And also, what happens to these markers when non-fibrous carbohydrates are substantially reduced? Thanks a lot for any comments.

1 Answer 1


My son's pediatric endocriniologist recommended a low-carb diet for increasing his insulin sensitivity (=reducing his insulin resistance). This is apparently not totally mainstream (yet), though, because his pediatrician, who was otherwise very up on recent developments and research, did not know about the low carb diet, and had trouble understanding it.

I personally have not read much scientific literature about this -- my personal focus was more on implementing the specialist's recommendations at my house -- but here are a couple of references that might get you started if you are interested in following up:


Bray, G. A. (2005). Is there something special about low-carbohydrate diets? Annals of Internal Medicine, 142(6), 469-70.

We found that a low carb diet, paired with metformin treatment and attention to regular, moderate exercise, has helped my insulin resistant son increase his IGFBP-1 lab results, lose weight in a slow, sustainable way, and then keep his BMI for age out of the obese zone. It has also helped him experience less

  • cravings
  • headaches
  • nausea
  • problems with energy level and concentration

The rest of the family, who are not genetically related and have no insulin resistance, benefited mildly from the low carb diet as well, especially in terms of better concentration in the afternoon.

Note about my son's experience with exercise: He has always been a boy who got a lot of enjoyment from both organized sports as well as just plain running around, riding his bike, and showing off his strength by carrying around heavy things. I was surprised how much it helped in the early months of his treatment to avoid exercise that involved short, intense spurts, and religiously walk 20-30 minutes every day (as recommended by the specialist).

He was 9 when we were given the diagnosis and he is now 13.

Since there is not just one approach to "low carb diet", I will share what we have worked out. The specific approach to a low carb diet we use:

  • no high fructose corn syrup

  • no candy

  • no sweet baked goods (except for birthdays, and then we use special flours, such as almond meal)

  • high fiber bread, maximum one slice per meal
  • 100% whole grain pasta (I buy the kind that tastes like cardboard, hence one doesn't want to eat very much of it)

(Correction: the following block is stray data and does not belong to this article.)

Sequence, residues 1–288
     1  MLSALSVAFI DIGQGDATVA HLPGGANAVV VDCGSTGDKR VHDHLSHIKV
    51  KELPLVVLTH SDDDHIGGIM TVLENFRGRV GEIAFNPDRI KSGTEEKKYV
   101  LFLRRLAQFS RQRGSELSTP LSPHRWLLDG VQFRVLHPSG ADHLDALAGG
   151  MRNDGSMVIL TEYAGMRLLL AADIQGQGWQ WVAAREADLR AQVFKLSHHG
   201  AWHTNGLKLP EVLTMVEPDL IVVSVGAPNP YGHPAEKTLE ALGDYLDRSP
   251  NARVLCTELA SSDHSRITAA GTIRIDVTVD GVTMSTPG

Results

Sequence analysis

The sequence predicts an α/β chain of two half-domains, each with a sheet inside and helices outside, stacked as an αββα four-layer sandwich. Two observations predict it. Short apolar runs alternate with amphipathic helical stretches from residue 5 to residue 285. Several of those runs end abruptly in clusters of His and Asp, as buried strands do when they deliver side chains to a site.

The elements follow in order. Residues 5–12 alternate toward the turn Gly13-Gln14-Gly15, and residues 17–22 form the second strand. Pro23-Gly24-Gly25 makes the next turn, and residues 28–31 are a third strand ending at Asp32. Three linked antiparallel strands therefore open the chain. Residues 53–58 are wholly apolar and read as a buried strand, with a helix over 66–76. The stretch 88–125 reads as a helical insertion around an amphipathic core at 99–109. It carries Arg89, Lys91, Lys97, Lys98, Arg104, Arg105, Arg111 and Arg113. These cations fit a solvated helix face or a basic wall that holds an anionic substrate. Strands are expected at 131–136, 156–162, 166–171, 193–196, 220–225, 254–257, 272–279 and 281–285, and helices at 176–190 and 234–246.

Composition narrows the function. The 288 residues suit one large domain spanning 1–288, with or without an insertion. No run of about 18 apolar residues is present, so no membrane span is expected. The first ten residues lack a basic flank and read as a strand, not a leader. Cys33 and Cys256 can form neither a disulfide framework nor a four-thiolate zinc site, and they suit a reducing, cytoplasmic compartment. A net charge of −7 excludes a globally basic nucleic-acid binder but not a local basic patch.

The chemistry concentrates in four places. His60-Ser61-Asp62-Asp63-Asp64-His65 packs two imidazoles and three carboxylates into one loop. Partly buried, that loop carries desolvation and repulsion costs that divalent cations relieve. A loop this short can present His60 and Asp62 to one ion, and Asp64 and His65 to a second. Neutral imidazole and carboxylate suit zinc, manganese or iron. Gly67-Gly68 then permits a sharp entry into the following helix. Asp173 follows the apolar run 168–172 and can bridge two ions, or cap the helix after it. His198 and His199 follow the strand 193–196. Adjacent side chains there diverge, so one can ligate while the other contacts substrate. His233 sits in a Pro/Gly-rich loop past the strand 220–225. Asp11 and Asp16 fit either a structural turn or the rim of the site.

• complex carbohydrates such as brown rice and potatoes in small servings
  • fruit limited to two servings per day; fresh and whole (requires chewing)
  • offer salads several times per week
  • we don't limit fats or protein
  • we aim for a good proportion of protein to carb ratio at each meal or snack
  • we all follow the same diet with the child
  • no fruit juices -- beverages are water, whole milk, and homemade, flavored bubble water (examples of flavorings: lime juice or pure cranberry juice)
  • raw baby carrots or large carrots often used as a snack, sometimes with hummus

When he hit a plateau after about three months, we temporarily substituted pizza sauce for catsup. That did the trick. He got unstuck, lost a couple more pounds over the next month, and hit his target. We were eventually able to go back to catsup (no high fructose corn syrup) in moderation.

  • Thank you very much for your interesting and detailed reply. It's very interesting that 'HIIT'-style exercise didn't help, but gentle cardio (walking) did. I'm extremely interested in one of your bullet points where you say "we don't limit fats or protein". I can really understand the fat side of things, but the unlimited protein really has me intrigued. I thought that excess protein caused the liver to create glucose, which would counteract the low carb approach? Sep 11, 2016 at 11:02
  • I'll refer you to the books and articles about low carb to be sure, but -- maybe it's because the digestion of protein takes longer. The exercise thing has to do with adrenaline. Diabetics are told to walk regularly and to do some gentle strength training. Sep 12, 2016 at 4:21

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